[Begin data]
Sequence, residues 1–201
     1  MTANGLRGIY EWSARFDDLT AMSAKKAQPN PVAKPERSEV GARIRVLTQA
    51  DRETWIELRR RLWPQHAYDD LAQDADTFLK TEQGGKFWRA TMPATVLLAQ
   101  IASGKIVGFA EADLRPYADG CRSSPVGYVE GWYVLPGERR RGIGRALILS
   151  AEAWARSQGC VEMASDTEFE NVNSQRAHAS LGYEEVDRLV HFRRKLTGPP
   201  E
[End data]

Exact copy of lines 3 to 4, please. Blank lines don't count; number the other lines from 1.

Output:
    51  DRETWIELRR RLWPQHAYDD LAQDADTFLK TEQGGKFWRA TMPATVLLAQ
   101  IASGKIVGFA EADLRPYADG CRSSPVGYVE GWYVLPGERR RGIGRALILS